The Nature of Childhood
An Environmental History of Growing Up in America since 1865
When did the kid who strolled the wooded path, trolled the stream, played pick-up ball in the back forty turn into the child confined to the mall and the computer screen? How did Go out and play! go from parental shooing to prescription? When did parents become afraid to send their children outdoors? Surveying the landscape of childhood from the Civil War to our own day, this environmental history of growing up in America asks why and how the nations children have moved indoors, often losing touch with nature in the process.
In the time the book covers, the nation that once lived in the country has migrated to the city, a move whose implications and ramifications for youth Pamela Riney-Kehrberg explores in chapters concerning childrens adaptation to an increasingly urban and sometimes perilous environment. Her focus is largely on the Midwest and Great Plains, where the response of families to profound economic and social changes can be traced through its urban, suburban, and rural permutations—as summer camps, scouting, and nature education take the place of childrens unmediated experience of the natural world. As the story moves into the mid-twentieth century, and technology in the form of radio and television begins to exert its allure, Riney-Kehrberg brings her own experience to bear as she documents the emerging tug-of-war between indoors and outdoors—and between the preferences of children and parents. It is a battle that children, at home with their electronic amenities, seem to have won—an outcome whose meaning and likely consequences this timely book helps us to understand.
“Some of the most exciting portions of [Riney-Kehrberg]’s book use children’s voices to understand the changing environment’s effect on their world view, which she integrates into her careful reading of sources.”
—Journal of American History
“Contributes to the growing literature on children, childhood, and children's places—in this case, adding a much needed environmental history of children and childhood in the United States from the end of the Civil War to the beginning of the twenty-first century.”
—American Historical ReviewSee all reviews...
“Excellent, timely, and important.”
“Riney-Kehrberg argues that childhood’s recent shift indoors, while undeniable, should be understood as an unevenly distributed phenomenon, happening for different reasons and in different forms in different places.”
“The Nature of Childhood offers an effective historical overview of the environmental history, the book ably discusses the historical basis for [the] shift to indoor play and its repercussions.”
—Register of the Kentucky Historical Society
“A fascinating and successful effort to put our current cultural anxieties about “nature deficit disorder” and over-scheduled childhoods in environmental historical context.”
“This intriguing history chronicles children’s move from farms to cities and from outdoors to indoors. Riney-Kehrberg uses her sources well to show how urbanization and technology changed the lives of children, particularly boys. Highly recommended.”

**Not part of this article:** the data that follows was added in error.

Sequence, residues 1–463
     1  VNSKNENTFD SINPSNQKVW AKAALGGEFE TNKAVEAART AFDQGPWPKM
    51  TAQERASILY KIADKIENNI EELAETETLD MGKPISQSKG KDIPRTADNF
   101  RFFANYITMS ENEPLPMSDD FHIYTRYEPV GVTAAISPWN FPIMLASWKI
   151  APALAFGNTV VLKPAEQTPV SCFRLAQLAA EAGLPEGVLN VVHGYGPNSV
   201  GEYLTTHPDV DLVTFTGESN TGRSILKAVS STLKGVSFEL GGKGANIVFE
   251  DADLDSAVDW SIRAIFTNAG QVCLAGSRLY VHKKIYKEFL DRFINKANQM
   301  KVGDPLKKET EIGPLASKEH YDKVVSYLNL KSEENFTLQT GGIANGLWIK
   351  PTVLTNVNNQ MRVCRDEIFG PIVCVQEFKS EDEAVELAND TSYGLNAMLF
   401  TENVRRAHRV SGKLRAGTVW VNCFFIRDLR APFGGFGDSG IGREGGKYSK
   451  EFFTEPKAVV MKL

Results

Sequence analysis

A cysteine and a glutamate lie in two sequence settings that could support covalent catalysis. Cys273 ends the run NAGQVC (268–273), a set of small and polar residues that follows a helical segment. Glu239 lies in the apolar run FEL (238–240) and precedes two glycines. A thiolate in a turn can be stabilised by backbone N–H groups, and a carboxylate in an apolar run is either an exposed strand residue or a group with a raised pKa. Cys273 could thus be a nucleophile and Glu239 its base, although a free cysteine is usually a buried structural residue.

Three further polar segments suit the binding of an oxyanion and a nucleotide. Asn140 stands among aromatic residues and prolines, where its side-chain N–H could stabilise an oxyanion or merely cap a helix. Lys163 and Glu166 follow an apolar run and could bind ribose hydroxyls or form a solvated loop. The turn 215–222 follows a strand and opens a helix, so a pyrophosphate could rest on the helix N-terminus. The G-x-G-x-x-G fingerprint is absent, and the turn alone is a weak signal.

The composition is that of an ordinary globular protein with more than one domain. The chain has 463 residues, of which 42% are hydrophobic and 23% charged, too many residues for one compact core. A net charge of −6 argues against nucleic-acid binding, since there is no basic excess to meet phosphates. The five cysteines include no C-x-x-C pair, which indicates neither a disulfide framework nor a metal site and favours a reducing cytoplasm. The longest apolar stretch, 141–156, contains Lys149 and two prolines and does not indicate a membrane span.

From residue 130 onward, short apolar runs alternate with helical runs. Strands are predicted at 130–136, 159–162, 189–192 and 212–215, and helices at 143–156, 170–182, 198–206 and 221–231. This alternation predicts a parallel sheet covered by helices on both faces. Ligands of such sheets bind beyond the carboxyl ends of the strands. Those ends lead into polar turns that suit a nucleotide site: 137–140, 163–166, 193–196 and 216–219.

“Although children’s voices are difficult to find in the historical record, Riney-Kehrberg does a masterful job of ferreting out children’s perspectives from manuscript sources, newspapers, periodicals, films, and published reminiscences.”
—Annals of Iowa
“A convincingly argued and passionately written monograph that explains how outdoor children turned gradually into indoor children between 1865 and the present.”
“Opportunities to explore and appreciate nature on their own is one of the overlooked issues in today’s over-scheduled childhood. Pamela Riney-Kehrberg’s book puts the loss of these opportunities into historical perspective and will make readers consider why this loss has occurred and whether new thinking about a relationship with nature is worthwhile.”
—Howard Chudacoff, author of Children at Play: An American History
“Pamela Riney-Kehrberg’s The Nature of Childhood is a vital scholarly study of a long neglected and very timely subject—the separation of children from their natural world. Riney-Kehrberg has focused on a major fault line in contemporary culture. Children today and many adults as well know little about the world outside their insulated urban or suburban experience. They don’t know where their food comes from; and they do not understand the increasing concern about climate change or the threats to our plant and animal life as we in the United States continue to consume carbon-based fuels at a prodigious rate. This book belongs on the desk of every serious student of American society and every conscientious policy maker.”
—Joseph M. Hawes, so-editor of A Cultural History of Childhood and Family in the Modern Age
“In an excellent account of childhood and nature, Riney-Kehrberg combines two of the most vibrant fields in history: environmental history and the history of childhood. She begins her book by asking questions about twenty-first-century childrens encounters with nature. Why have children moved from unsupervised outdoor explorations to heavily chaperoned activities? Why do children suffer from nature deficit disorder and need contrived experiences with nature? Why do the most children spend the majority of their time indoors. Using a variety of interesting sources, Riney-Kehrberg traces the development childrens estrangement from nature. She concludes that the indoor, supervised child has won the day and that the “free range” children of earlier decades have vanished from the summer streets—at least for now.”
—Paula Petrick, co-editor of Small Worlds: Children and Adolescents in America, 1850–1950See fewer reviews...